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8 Ways to Enjoy Traveling with a Senior

traveling with senior citizens

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With a little preparation, traveling with an elder can be a rewarding family experience. Here are some tips for your senior to keep in mind.

1. One in 10 persons over the age of 75 are visually impaired. Add this to sleep problems, which commonly trouble the elderly, and the combination can be dangerous. Anticipate getting up at night and clear a path to the bathroom, leave a light on or pack a night light and be sure an put eyeglasses and water and some magazines next to the bed. Just about everyone can get disoriented when awakened at night in a strange place.

2. Even with leaving a light on in the hotel bathroom, you can still bang into a wall or a suitcase placed on the floor, so be sure you've got a clear path. Common causes of falls for seniors include things like tripping over a rug or slipping on a smooth surface in an unfamiliar environment. 

3. Around 70 percent of people who fly experience some degree of jet lag, particularly the elderly. Easy to read digital clocks help your mind adjust to local time can keep you focused on adapting to the normal routine of your destination as quickly and effortlessly as possible. Check the time on the hotel clock. A guest before you might have advanced the time or the clock may not have changed with daylight savings settings. If you have room, you might take along an easy to read clock you are familiar with operating. Make sure the radio will not wake you at 4 a.m., set on high volume.

4. Most older adults take several important medications. Pack medications in your hand-carry luggage if traveling by plane. If traveling by car, be sure they are handy and not left in a hot trunk. Leave it in its original container so the prescription is always available if you need to refill it. Don't mix medications. If someone else has to help you take the medications for whatever reason, they may not know which pill is correct. Continue taking your medications as prescribed, even though your travel activities may change your daily routine.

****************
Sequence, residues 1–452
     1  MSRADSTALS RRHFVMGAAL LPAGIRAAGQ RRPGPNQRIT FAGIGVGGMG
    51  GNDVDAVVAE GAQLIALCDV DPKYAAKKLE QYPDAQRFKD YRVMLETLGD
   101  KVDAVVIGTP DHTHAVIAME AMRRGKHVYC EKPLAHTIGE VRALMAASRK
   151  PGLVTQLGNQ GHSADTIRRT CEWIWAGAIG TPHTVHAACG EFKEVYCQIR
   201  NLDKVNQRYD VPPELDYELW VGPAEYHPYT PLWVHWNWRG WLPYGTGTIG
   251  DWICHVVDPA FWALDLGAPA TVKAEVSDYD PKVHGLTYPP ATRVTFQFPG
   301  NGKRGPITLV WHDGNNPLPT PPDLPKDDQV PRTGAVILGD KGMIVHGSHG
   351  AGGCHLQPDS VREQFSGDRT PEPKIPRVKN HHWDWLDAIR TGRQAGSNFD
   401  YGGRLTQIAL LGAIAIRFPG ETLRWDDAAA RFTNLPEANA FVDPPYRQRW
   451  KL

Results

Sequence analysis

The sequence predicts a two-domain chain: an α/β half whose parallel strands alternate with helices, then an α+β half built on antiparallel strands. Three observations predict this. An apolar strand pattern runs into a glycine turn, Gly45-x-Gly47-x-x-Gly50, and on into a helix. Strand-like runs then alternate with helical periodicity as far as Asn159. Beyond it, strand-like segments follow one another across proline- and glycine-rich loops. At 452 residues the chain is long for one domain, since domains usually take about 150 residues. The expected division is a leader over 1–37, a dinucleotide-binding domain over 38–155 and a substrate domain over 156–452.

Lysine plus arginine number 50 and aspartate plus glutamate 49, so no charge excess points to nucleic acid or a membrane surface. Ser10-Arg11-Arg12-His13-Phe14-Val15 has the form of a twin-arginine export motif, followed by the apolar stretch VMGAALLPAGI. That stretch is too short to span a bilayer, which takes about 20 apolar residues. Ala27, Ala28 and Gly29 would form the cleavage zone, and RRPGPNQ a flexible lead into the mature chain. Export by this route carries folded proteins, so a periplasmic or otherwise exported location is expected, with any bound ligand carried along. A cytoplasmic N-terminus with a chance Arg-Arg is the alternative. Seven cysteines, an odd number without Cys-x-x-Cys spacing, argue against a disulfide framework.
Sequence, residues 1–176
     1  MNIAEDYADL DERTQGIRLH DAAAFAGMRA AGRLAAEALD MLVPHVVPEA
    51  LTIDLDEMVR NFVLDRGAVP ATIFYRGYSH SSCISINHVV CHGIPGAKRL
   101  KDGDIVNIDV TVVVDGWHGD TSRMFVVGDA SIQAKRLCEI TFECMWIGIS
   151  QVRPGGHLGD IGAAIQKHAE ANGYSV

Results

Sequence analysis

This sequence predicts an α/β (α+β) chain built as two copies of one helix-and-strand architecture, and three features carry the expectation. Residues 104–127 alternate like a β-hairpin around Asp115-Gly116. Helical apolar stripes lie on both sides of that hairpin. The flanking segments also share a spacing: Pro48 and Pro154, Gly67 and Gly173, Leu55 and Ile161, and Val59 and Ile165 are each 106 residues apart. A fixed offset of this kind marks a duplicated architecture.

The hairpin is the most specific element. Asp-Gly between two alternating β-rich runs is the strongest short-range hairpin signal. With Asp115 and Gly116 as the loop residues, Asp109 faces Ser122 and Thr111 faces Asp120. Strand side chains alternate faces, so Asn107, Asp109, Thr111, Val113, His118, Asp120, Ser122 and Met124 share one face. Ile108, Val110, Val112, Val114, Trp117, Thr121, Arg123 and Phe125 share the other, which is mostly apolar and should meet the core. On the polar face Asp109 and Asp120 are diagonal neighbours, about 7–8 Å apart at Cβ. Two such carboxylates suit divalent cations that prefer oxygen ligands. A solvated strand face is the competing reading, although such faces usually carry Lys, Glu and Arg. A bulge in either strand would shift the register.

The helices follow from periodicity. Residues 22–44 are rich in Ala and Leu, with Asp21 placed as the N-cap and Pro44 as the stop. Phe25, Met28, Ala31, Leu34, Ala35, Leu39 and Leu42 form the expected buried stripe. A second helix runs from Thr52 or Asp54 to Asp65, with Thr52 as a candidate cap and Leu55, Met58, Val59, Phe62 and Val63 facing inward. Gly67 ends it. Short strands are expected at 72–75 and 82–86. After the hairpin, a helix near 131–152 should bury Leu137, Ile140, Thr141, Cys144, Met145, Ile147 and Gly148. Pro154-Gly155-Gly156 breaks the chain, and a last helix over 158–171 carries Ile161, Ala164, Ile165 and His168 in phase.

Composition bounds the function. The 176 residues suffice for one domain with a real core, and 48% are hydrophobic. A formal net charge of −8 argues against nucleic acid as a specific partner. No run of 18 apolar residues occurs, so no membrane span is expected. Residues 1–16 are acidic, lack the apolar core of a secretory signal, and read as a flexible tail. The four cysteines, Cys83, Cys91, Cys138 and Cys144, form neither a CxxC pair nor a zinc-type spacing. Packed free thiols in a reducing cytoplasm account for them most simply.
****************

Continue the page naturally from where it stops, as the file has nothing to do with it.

5. Dehydration can happen much more quickly during travel and occurs much more frequently in the elderly. Carry lots of water. For air travelers who cannot take liquids past airline security, empty a plastic bottle, go through security and refill the bottle with drinking water once in the airport terminal. Avoiding alcohol on flights is another way to avoid dehydration. Try to eat healthy so you will feel great and enjoy your vacation.

6. A lot of people lose tolerance for temperature extremes as they age--both hot and cold. Be prepared for all sorts of weather. A parka, a sweatshirt and an umbrella are great travel companions.

7. Get ready for those partying hotel neighbors who may not be used to a quiet environment. Ear plugs do not take up much room but are very much appreciated when you are tired and your neighbor is getting his late night second wind. Carry a small electric fan to create white sound. Speak up if there is excessive noise after hours. Stay at hotels or in a room that does not face a busy highway.

8. Up to three fourths of the older adult population do not currently exercise at recommended levels and routine exercise is hard to keep on track while on a trip. Pay attention to blood circulation when traveling for long periods of time. Prop your feet up and take your own pillow. Get up and stretch. When you are driving, stop every hour or so to stretch. If on a plane, walk the aisles every now and then. This helps prevent stiffness and gets your circulation going. Check the Internet for sites that recommend the best seats on various types of planes. You can ask the airline what type of plane you will be on, then pick a seat that has the location and leg room you prefer.
Source: www.livestrong.com


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